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Imagine my surprise as I prayed over the past week – prayed the Mass, the Liturgy of the Hours, the Rosary – imagine my surprise when the words of the prayers did not include:
Oh, God, bring Michael back
or
God of Heaven and Earth, let Amy go back in time and forcibly take Michael to the doctor
or
The Third Glorious Mystery: Time is transcended, Michael has his cell phone on him and Amy is contacted immediately instead of 5 hours after it happened.
or even
Blessed be God, let Amy feel Michael’s presence.
I didn’t hear or read any of that, anywhere.
Instead it was all about God.
God here, God there. Thirsting for God’s presence, for God’s love and justice. Rejoicing, even. Rejoicing in the Word made flesh, embracing the cross. Mercy was sought. Mercy was begged for. Peace. Refuge from enemies. Eyes looking forward, hearts aching, spirits racing for God.
And there were mysteries.
I was tempted to dismiss it all out of hand. “Who needs that crap,” I thought, “we have a crisis here.”
I sat on the floor with the rosary he had in his pocket, the other  hand resting on the shadow box full of relics, and probably a shirt of his near at hand. And even though I knew he would be saying, “Are you nuts?” at the sight, I thought, “If I do this, I will feel close to him. It will be like we are just sitting on the couch watching Big Love.”
The truth shot back at me and almost knocked me over.
“Seek God,” the Truth said, “not Michael.”
Another set of thoughts:
For years – 26, to be exact  – I have practiced letting people belong to God, not me.  It is my mode of parenting, to try my hardest to respect the child as a child, first of all, of God.  The road was seriously paved for this when my oldest left home for college 8 years ago, totally on his own journey. And as he and the others grow and developed, I worked harder and harder on it inside my soul.
Let go. They are the Lord’s. They walk with Him, they do not belong to you, they do not exist for your satisfaction or pleasure or entertainment or for any affirmation of anything you have done. They are the Lord’s.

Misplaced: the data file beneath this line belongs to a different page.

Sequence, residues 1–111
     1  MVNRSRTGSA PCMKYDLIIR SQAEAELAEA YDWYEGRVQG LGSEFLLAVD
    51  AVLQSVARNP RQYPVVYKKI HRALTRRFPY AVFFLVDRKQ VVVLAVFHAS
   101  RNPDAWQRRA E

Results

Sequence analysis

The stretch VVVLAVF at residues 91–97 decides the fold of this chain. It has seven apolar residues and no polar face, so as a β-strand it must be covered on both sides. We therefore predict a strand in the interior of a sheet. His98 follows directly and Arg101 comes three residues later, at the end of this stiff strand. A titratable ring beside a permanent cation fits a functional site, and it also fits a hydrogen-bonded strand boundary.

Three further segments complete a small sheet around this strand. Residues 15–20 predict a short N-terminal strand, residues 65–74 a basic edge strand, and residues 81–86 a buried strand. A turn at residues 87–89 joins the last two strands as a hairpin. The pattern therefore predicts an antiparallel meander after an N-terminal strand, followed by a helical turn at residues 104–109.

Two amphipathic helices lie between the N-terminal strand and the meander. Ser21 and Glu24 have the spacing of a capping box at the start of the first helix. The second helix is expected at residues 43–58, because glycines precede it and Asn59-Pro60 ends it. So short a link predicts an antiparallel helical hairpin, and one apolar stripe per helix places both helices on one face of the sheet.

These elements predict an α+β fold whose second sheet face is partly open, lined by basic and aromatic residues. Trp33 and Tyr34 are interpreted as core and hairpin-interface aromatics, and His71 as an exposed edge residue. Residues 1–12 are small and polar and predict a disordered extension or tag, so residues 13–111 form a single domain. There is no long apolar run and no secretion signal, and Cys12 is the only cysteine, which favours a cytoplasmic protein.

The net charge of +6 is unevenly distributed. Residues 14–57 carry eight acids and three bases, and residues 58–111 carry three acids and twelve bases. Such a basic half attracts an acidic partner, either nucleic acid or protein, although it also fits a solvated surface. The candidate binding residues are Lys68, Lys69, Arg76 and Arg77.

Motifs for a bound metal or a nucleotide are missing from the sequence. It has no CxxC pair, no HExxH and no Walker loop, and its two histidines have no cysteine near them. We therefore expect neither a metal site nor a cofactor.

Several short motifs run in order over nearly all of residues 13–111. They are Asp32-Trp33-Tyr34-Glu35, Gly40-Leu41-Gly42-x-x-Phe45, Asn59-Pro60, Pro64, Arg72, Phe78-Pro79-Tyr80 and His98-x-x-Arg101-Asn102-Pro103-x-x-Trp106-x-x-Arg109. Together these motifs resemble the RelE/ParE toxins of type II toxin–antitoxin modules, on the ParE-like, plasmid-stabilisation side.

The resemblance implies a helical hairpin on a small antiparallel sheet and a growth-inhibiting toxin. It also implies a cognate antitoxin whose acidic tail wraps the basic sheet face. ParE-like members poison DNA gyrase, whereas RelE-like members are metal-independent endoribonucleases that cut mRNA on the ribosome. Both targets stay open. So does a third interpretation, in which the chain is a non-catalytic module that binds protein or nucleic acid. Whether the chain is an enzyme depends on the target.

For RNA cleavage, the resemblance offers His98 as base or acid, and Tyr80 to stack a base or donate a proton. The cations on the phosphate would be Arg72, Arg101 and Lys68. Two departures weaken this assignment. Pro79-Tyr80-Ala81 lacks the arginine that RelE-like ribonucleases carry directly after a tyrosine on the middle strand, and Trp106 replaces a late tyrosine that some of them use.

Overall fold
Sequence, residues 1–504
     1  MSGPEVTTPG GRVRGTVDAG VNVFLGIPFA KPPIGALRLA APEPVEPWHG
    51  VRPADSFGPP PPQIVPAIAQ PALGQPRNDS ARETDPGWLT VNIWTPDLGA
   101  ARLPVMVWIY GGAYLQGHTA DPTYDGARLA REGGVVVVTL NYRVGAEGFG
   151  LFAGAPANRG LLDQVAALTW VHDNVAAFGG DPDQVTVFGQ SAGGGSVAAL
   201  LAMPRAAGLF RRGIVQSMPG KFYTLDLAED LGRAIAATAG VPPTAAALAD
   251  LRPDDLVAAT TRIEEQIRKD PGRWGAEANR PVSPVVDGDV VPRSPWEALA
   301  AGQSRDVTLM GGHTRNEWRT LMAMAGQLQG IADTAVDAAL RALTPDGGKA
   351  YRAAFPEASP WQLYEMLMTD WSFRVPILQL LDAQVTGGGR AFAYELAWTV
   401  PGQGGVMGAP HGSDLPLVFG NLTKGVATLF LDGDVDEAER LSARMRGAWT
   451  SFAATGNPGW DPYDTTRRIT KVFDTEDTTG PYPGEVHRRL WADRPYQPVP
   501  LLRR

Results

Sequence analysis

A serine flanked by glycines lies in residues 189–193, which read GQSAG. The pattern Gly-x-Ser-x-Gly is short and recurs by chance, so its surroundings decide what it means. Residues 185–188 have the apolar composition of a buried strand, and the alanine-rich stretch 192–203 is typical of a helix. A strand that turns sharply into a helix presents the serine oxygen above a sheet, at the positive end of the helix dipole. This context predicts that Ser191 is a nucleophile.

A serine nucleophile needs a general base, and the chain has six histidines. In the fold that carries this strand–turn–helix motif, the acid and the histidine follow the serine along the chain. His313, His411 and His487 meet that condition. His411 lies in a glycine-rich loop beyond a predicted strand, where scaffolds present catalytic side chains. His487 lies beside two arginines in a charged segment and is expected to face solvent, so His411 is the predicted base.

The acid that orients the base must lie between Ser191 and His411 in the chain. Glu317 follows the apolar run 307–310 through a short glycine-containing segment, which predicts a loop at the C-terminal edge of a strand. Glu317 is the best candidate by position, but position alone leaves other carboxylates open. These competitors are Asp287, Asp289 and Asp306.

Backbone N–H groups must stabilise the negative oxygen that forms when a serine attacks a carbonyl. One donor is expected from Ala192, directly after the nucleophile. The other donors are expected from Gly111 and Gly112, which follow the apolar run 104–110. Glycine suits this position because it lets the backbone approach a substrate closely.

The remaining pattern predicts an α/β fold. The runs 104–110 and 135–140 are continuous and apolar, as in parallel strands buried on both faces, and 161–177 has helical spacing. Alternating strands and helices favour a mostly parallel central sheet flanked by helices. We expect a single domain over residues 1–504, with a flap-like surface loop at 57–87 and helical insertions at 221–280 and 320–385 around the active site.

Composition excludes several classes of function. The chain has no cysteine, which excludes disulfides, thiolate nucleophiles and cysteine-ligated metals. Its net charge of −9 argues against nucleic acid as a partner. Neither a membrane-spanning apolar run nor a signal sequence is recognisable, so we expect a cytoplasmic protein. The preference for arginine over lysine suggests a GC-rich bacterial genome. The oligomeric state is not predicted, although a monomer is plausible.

Little did I know, never could I have imagined that this effort of mine would be so deeply put to the test – most deeply put to the test – not by my children’s lives, but by my husband’s.
From where I sit on my bed, I count 6 icons, 2 crucifixes, one image of St. Francis, one image of Adam and Eve being lifted from death, and that relic box. Oh, and I see a Guadalupe. And a Florida Gator basketball schedule.
None are “mine.” they were all his.
He prayed the Office almost every day of the last 25 years or so. Prayed the rosary every day for longer. Went to Mass almost every day.
He prayed, and knew intimately all those words I have been praying – or trying to pray – so intensely over the past week.
Thirsting for God. Rescuing from the snares of the enemy. Letting Christ live in me, being consumed, taken over by Christ, the Risen One,  alive in Him. Praying for that. Every day. Asking God for mercy, for forgiveness, for peace. For the total embrace of Love.
The hope strikes me, again with great force.
His prayers have been answered.
How can I, even as I acknowledge the crushing, puzzling, confusing loss and my shattered heart  – for even Jesus wept –  how can I say that I love him and that I believe all this stuff we both said we believed is actually true – and not allow some gratitude, albeit limited and struggling gratitude – to creep into my soul, for that thing, which is not a small thing, but a great thing?
That his prayers – all those prayers, all of the seeking and yearning and hoping have found their blessed end?
How?
Imagine my surprise.

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